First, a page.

You also can’t just look at lipogenesis. You also have to consider fat oxidation rates at the same time. Again, it’s a matter of balance. Sure, fructose can be lipogenic, but if the rate of fat oxidation matches the rate of lipogenesis, then there will be no fat accumulation.
The body is constantly undergoing anabolic and catabolic reactions. Tissue mass only increases if the anabolic reactions, all summed up, exceeds that of the catabolic reactions, all summed up. In this case of fat, lipogenesis must exceed the rate of fat oxidation. And this is again a matter of energy balance.
**************
take into account the key premise of the carbohydrate hypothesis which is that obesity is a disorder of fat metabolism which is engendered by metabolic and hormone imbalance (principally triggered by consumption of refined carbohydrates)
****************
No, I certainly do take that into account. But there are two major problems with that tenet. First, all the hormones in the world can’t make you fat if they don’t have the substrate to work with. Hormones can’t trump energy balance. They are just signaling molecules. But they can’t cause the synthesis of new tissue if there is no substrate to build that tissue with. You can bark all the orders you want to construction men, but they can’t build a skyscraper unless they’ve got the materials to do it with.
The second problem with that tenet is the implication that obesity has a single primary cause. However, the scientific literature is quite clear that there are numerous factors all contributing to obesity. Even simple things like portion sizes have been found to be contributors. You could eliminate refined carbohydrates from the diet, and you will still have an obesity problem.
May 1, 2010 7:35 AM

ANDI wants to be your friend

… but I’d be wary.

IMAGE_034So I’m swinging by the Whole Foods Market picking up a quick morning bite of bacon … lots of bacon (see, the ‘by weight’ pricing of the buffet skews seriously well for our carnivores – not so much for the potato and bread eaters). There I come across this display touting this new system for evaluating the nutrient density of food. It’s call the ANDI system for “Aggregate Nutrient Density Index.”

So I say “hmm, that’s interesting” and finish chowing on my delicious bacon and think I’ll go look this up a little later when I’m online with a big screen. Then it just slips my mind. A few weeks later, I come across a much bigger display at another Whole Foods, so I decide this time I’ll actually look it up.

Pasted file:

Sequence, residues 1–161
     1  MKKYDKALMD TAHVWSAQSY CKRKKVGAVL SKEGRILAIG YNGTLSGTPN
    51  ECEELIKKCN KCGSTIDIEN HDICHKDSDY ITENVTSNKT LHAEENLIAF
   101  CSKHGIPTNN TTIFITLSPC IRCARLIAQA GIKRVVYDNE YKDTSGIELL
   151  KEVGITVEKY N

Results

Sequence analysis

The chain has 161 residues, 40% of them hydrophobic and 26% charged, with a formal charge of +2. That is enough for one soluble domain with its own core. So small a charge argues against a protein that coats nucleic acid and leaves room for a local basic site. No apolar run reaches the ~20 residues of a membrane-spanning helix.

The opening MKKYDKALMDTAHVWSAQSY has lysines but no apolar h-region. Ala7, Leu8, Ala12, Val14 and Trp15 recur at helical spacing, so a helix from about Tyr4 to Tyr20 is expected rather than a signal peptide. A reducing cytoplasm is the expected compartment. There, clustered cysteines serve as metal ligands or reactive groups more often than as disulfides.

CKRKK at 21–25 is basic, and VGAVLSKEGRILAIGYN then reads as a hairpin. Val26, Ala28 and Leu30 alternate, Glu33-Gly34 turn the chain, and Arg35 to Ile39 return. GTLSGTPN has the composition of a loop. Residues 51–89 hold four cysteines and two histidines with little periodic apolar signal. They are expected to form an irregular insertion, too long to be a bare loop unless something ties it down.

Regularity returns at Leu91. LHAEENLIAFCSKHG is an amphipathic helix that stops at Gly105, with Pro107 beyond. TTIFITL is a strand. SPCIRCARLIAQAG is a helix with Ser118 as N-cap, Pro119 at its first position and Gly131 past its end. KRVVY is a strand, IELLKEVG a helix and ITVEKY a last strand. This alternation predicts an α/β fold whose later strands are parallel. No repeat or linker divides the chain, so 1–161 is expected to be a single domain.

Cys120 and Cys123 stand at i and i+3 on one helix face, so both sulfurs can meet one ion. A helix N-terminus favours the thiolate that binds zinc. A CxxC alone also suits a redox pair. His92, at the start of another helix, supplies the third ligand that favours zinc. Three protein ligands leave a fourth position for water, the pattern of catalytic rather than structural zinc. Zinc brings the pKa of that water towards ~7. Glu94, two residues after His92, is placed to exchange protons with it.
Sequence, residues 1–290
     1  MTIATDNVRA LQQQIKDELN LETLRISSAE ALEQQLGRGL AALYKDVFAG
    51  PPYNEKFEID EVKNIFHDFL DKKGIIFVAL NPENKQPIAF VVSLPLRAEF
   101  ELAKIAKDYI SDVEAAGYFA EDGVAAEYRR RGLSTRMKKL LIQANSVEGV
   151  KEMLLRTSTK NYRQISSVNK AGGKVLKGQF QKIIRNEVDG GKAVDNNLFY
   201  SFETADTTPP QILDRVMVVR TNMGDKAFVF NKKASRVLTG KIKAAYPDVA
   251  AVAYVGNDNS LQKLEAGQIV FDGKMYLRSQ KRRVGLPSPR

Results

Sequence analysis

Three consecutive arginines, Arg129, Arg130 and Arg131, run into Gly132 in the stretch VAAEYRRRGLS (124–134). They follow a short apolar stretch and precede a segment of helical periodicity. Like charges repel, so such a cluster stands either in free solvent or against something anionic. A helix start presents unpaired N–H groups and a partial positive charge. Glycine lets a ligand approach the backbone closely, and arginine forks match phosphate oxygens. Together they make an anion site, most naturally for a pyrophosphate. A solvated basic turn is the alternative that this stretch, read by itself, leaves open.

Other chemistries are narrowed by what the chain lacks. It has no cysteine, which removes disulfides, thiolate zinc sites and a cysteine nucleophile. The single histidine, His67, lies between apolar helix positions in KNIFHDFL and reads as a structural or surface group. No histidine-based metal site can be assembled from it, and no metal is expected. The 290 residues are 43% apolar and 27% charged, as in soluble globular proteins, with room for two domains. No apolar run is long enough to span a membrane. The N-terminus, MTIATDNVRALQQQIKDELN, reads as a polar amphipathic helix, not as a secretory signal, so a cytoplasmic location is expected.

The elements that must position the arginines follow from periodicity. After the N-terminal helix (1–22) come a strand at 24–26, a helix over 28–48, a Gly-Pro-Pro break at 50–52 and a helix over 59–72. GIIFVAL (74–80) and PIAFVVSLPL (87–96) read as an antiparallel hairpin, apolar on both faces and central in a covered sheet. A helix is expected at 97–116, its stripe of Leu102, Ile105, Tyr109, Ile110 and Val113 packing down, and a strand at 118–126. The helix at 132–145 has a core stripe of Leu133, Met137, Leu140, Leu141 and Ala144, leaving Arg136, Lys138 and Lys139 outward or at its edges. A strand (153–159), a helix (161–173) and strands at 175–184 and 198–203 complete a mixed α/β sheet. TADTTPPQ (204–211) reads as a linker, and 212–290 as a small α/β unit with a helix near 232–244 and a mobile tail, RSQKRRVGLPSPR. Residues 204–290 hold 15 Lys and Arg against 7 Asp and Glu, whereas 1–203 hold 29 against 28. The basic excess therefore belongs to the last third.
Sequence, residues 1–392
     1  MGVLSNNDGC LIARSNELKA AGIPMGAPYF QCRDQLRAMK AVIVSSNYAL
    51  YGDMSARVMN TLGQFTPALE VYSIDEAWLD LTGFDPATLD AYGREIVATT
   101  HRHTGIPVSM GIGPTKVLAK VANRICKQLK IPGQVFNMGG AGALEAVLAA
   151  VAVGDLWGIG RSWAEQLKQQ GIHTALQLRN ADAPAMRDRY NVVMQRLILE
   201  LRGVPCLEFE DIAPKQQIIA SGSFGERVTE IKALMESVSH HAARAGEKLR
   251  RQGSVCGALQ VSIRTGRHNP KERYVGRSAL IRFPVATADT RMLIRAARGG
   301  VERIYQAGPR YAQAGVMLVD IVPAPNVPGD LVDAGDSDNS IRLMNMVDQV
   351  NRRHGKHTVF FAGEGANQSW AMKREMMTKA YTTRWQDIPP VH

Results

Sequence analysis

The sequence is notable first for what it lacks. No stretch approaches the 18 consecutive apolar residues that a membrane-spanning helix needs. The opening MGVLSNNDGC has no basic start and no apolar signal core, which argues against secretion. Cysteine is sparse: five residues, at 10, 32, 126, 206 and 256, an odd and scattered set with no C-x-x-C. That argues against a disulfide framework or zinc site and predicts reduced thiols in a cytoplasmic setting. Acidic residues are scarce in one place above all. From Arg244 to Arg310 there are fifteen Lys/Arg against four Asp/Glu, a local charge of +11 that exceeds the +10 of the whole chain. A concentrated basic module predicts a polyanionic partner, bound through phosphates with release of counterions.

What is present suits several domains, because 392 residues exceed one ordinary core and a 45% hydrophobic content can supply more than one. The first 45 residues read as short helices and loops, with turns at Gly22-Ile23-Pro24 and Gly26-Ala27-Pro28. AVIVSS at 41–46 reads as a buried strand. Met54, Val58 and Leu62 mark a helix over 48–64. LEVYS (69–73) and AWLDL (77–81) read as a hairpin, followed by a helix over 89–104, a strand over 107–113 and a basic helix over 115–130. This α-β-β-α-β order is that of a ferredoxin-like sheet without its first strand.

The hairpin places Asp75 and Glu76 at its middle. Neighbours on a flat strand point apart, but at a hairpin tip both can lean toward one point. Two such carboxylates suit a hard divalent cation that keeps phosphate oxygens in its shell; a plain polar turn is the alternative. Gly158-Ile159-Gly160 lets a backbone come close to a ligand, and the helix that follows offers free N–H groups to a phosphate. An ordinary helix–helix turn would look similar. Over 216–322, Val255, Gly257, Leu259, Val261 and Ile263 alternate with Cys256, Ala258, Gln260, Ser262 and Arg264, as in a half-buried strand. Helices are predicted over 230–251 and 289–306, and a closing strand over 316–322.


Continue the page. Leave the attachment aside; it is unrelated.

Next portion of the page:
Seems the ANDI is the brainchild of Dr. Dr. Joel FurhmanJoel Fuhrman, a practicing family physician in New Jersey and author of several books on diet. When I do manage to get info about the index, I find that it’s a blatant pitch for veganism. How do I know this, well, the index goes essentially from 1 to 2000. In looking at the scale, you don’t get to an animal product until you get to salmon (doesn’t distinguish between wild/farmed) way down at 39 out of 1,000. the next animal protein you get is chicken breast and eggs down at 27. The only beef on the list is ground beef coming in at 20.

So how does he do it, Dr. Fuhrman? We’ll we will never know because it’s patented. Here’s an excerpt from his web site extolling the virtues of ANDI:

To determine the scores above almost all vitamins and minerals were considered and added in. Nutrient Data from Nutritionist Pro software for an equal caloric amount of each food item was obtained. We included the following nutrients in the evaluation: Calcium, Carotenoids: Beta Carotene, Alpha Carotene, Lutein & Zeaxanthin, Lycopene, Fiber, Folate, Glucosinolates, Iron, Magnesium, Niacin, Selenium, Vitamin B1 (Thiamin) Vitamin B2 (Riboflavin), Vitamin B6, Vitamin B12, Vitamin C, Vitamin E, Zinc, plus ORAC score X 2 (Oxygen Radical Absorbance Capacity is a method of measuring the antioxidant or radical scavenging capacity of foods).